Definitions

from The American Heritage® Dictionary of the English Language, 4th Edition

  • n. One that transmits: a transmitter of disease.
  • n. An electronic device that generates and amplifies a carrier wave, modulates it with a meaningful signal derived from speech or other sources, and radiates the resulting signal from an antenna.
  • n. The portion of a telephone that converts the incident sounds into electrical impulses that are conveyed to a remote receiver.
  • n. A telegraphic sending instrument.
  • n. A neurotransmitter.

from Wiktionary, Creative Commons Attribution/Share-Alike License

  • n. something that transmits something (in all senses).
  • n. an electronic device that generates and amplifies a carrier wave, modulates it with a meaningful signal derived from speech, music, TV or other sources, and broadcasts the resulting signal from an antenna.

from the GNU version of the Collaborative International Dictionary of English

  • n. One who, or that which, transmits; specifically, that portion of a telegraphic or telephonic instrument by means of which a message is sent; -- opposed to receiver.

from The Century Dictionary and Cyclopedia

  • n. See indicator, 1 .
  • n. One who or that which transmits.
  • n. Specifically— In telegraphy, the sending or despatching instrument, especially that under the automatic system, in which a paper strip with perforations representing the Morse or a similar alphabet is passed rapidly through an instrument called an automatic transmitter, in which contacts are made by metallic points wherever a perforation occurs, and are prevented where the paper is unpierced.
  • n. In telephony, the microphonic or other apparatus, together with the funnel for receiving the voice and converging the waves of sound upon the thin iron diaphragm. See telephone.

from WordNet 3.0 Copyright 2006 by Princeton University. All rights reserved.

  • n. someone who transmits a message
  • n. any agent (person or animal or microorganism) that carries and transmits a disease
  • n. set used to broadcast radio or tv signals

Etymologies

to transmit + -er (Wiktionary)

Examples

  • In the wonderful system of the telephone with its miracle of intercommunication there is, as you know, at each instrument that little film of metal which we call the transmitter, into which the message is delivered, and whose vibrations are repeated scores of miles away.

    Mornings in the College Chapel Short Addresses to Young Men on Personal Religion

  • Shes about the size of a dinner plate, and the transmitter is glued to her shell.

    The Tortoise And The Solar Plant: A Mojave Story

  • This week, however, Belkin announced its latest TuneBase FM transmitter is equipped with something called "ClearScan" technology, which can automatically seek out the clearest FM frequency to play your tunes.

    New FM transmitter hits the spot

  • Today, however, Belkin announced its latest TuneBase FM transmitter is equipped with something called "ClearScan" technology, which can automatically seek out the clearest FM frequency to play your tunes.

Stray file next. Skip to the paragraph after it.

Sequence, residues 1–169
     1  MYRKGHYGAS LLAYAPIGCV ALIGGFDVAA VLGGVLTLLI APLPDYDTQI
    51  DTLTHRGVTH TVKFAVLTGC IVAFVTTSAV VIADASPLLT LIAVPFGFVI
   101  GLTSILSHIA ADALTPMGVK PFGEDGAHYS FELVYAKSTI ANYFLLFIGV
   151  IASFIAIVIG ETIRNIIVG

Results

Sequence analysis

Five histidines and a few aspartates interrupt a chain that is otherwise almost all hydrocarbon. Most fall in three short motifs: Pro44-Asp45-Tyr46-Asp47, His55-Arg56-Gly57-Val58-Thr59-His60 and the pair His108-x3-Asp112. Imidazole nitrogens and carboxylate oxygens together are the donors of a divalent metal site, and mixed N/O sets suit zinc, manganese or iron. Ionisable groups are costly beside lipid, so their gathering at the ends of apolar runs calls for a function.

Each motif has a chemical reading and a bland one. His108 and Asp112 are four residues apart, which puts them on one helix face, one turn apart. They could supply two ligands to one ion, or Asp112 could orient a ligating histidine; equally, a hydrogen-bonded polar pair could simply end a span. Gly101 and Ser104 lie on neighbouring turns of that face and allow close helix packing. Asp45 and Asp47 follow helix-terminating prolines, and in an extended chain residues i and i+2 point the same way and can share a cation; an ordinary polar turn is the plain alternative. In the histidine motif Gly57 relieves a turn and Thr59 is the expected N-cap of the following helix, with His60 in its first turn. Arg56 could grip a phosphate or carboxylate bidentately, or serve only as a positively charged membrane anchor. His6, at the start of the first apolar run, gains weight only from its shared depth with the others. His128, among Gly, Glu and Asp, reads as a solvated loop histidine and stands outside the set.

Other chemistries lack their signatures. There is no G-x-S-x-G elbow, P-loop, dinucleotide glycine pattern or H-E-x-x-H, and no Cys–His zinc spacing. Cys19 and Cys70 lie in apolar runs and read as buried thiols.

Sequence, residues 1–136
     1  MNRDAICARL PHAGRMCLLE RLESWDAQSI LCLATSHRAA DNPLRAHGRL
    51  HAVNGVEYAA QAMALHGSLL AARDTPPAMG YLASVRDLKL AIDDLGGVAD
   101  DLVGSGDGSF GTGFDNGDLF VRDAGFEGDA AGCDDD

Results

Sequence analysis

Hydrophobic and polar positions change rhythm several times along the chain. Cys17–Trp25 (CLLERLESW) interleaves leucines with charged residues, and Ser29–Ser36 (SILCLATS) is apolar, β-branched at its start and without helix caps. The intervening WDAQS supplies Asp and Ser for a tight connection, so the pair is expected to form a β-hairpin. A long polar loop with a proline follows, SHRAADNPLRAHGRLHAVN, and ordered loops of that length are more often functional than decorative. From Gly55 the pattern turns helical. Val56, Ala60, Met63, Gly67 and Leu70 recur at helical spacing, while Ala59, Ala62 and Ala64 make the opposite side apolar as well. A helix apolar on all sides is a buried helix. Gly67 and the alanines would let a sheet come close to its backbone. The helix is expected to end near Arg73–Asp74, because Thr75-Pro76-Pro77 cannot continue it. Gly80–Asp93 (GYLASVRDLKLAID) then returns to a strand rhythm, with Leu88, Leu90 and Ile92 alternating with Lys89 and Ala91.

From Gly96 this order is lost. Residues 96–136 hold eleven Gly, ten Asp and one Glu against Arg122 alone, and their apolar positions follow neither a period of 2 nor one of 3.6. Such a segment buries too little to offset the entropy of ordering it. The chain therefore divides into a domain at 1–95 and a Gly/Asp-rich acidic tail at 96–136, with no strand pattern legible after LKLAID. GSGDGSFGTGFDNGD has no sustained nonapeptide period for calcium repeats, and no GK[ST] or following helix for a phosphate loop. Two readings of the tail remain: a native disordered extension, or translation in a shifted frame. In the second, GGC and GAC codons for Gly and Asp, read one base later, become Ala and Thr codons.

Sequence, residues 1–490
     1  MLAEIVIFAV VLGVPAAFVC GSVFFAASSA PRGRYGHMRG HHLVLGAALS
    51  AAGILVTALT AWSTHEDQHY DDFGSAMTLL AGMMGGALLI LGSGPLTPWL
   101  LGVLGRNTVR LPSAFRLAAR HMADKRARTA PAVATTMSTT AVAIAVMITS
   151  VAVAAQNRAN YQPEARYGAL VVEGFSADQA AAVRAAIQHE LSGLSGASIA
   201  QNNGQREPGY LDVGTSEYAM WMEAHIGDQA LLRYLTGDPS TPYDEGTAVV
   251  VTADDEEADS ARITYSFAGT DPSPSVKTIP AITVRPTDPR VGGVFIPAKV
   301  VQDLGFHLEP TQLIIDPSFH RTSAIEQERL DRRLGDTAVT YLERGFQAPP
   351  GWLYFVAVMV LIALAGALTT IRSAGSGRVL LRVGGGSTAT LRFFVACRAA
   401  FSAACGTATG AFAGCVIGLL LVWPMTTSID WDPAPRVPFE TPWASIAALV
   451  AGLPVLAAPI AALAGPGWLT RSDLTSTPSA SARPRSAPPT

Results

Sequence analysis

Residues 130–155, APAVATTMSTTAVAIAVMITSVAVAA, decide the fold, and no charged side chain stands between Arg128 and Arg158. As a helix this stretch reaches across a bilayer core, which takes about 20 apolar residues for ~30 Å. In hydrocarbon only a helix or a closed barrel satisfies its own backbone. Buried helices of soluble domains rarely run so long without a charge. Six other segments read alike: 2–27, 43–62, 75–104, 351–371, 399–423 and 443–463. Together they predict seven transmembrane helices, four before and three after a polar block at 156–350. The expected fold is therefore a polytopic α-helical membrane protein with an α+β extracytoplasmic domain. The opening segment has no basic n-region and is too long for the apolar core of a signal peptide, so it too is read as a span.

New FM transmitter has trick up its sleeve | Sync Blog

  • The Cyclers are controlled by a hidden handset but they are also robots acting on messages rather than just simple radio-controlled devices and if the message gets corrupted by interference they don't do it and if the transmitter is turned off they shut down and go to sleep until it turned back on.

    Rise of the (giggling, punning, dancing) robots

  • They do this by a “chemical” reaction ie: a tiny amount of a substance called a neuro-transmitter is released from the the nerve ending into the junction with the next nerve (synapse).

    Double Words Optical Illusion – Ambigram

  • Is it, as we suspected, based on indirect evidence, the presynaptic element of the synapse where chemical transmitter is released, or is it the postsynaptic site which contains the receptors which bind and respond to the transmitter?

    Eric R. Kandel - Autobiography

  • But as knowledge of wave motions developed and the laws of governing them were better understood, the receiver was "tuned" to respond to the transmitter, that is, the transmitter was made to set up a definite rate of vibrations in the ether and the receiver made to respond to this rate, just like two tuning forks sounding the same note.

    Marvels of Modern Science

  • The transmitter is coded, like the newer Polar transmitter units, so you never have to worry about interference from other transmitters -- a common problem in race events.

    We Blog A Lot

  • I can’t however retune just the ABC and Seven to the repeater’s UHF frequencies, I have to rescan the whole lot (while it’s still stormy so it will use the repeater’s frequencies instead of the main transmitter’s VHF channels).

    Does Retuning Your Digital TV Annoy You? | Lifehacker Australia

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